Australian Open's hard quarantine 'took a toll' on players
When Tennys Sandgren resumed practicing after his can’t-go-anywhere hard quarantine ended, the American said Tuesday, his hands developed blisters from holding a racket. And, like Azarenka, both Sandgren and Pospisil lost their opening matches. “I wouldn’t say the whole tournament is a joke, but for some players, it’s not feasible. “I needed fresh air or maybe a bigger room or better conditions to play against the best players,” she said. Players in the “regular” quarantine were allowed to leave their rooms for five hours per day during the first two weeks after getting to Australia.
72 tennis players in lockdown after virus cases on flights
Italian tennis player Simone Bolelli, left, and Argentina's Maximo Gonzalez are escorted to their training session in Melbourne, Australia, Monday, Jan. 18, 2021. The number of players in hard quarantine swelled to 72 ahead of the Australian Open after a fifth positive coronavirus test was returned from the charter flights bringing players, coaches, officials and media to Melbourne for the season-opening tennis major. Some players have expressed anger at being classified as close contacts merely for being on board those flights with people who later tested positive. But local government, tennis and health authorities have said all players were warned of the risks in advance. The Australian Open starts Feb. 8 following a week of warmup tournaments at Melbourne Park and the ATP Cup.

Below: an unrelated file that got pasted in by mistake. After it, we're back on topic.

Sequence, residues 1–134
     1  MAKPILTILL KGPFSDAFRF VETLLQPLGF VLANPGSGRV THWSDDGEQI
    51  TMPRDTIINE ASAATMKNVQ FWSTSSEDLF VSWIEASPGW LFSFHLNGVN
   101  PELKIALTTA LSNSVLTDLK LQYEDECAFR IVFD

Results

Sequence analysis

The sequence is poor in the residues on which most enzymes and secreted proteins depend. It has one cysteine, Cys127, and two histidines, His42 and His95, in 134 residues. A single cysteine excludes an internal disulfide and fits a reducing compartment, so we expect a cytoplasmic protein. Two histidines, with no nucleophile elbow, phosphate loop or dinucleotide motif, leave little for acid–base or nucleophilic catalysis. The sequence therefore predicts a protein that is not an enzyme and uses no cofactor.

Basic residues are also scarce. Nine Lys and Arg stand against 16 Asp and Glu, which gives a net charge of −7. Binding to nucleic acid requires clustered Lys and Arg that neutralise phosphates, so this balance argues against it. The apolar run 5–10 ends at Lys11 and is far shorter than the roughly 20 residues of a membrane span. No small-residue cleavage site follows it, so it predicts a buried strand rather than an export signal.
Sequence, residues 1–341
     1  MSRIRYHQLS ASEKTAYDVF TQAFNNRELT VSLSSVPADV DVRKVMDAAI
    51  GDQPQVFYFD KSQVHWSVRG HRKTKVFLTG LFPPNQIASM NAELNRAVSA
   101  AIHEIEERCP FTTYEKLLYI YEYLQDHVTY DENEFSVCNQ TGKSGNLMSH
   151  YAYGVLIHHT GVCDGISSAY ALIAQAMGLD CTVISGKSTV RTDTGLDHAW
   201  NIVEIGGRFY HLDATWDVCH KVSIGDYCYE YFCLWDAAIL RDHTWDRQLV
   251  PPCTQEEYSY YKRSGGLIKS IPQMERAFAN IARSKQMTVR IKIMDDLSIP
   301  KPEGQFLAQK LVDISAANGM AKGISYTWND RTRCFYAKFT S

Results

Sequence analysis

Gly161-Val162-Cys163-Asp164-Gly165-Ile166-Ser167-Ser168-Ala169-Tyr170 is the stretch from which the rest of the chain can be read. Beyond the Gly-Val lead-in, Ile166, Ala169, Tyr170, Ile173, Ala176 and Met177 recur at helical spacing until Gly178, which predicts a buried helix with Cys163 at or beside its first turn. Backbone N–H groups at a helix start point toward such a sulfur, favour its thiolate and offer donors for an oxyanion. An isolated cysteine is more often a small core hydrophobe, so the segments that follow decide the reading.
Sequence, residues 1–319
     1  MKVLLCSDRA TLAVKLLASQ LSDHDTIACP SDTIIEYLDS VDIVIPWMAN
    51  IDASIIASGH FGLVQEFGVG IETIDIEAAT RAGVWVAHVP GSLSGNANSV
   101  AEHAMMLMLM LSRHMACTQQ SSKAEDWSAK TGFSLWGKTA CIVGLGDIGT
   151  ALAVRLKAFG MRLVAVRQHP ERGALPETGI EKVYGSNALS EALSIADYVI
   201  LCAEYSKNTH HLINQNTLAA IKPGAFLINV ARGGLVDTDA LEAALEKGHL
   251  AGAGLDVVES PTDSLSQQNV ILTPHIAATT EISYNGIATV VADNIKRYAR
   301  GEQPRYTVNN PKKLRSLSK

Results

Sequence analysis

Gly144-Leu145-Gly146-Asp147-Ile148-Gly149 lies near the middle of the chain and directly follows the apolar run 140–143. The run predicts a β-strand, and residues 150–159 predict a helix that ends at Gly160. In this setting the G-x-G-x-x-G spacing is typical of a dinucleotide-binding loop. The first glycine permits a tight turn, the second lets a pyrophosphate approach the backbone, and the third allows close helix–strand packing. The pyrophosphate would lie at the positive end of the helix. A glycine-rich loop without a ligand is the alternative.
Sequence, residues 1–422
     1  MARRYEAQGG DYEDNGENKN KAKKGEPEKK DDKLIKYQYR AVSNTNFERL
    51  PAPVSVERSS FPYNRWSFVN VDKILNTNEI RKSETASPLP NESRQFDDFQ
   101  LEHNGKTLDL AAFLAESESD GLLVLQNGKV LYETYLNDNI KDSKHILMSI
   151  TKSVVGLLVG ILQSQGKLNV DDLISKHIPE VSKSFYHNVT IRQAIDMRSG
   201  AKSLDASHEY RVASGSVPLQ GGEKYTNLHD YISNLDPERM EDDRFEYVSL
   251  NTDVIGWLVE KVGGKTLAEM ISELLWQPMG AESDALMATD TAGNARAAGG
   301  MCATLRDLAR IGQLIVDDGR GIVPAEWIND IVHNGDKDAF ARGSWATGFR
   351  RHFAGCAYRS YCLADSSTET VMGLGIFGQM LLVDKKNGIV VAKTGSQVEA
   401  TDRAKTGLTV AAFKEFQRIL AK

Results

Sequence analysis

Australian Open arrivals hit by 4 COVID-19 positive tests
Health authorities confirmed there'd been three positive tests for COVID-19 returned on Saturday, and another on Sunday. The Australian Open starts on Feb. 8. Kei Nishikori, the 2014 U.S. Open runner-up, and two-time Australian Open champion Victoria Azarenka were among a group of players who arrived on the flight from Los Angeles. Also, Americans Madison Keys and Tennys Sandgren returned positive tests, but Sandgren was given permission to fly after Australian health authorities determined he was no longer contagious though still shedding viral particles. South Australia health officials “confirmed that there is no one who has an active COVID-19 infection in the entire tennis cohort based in Adelaide,” the Australian Open said on Twitter.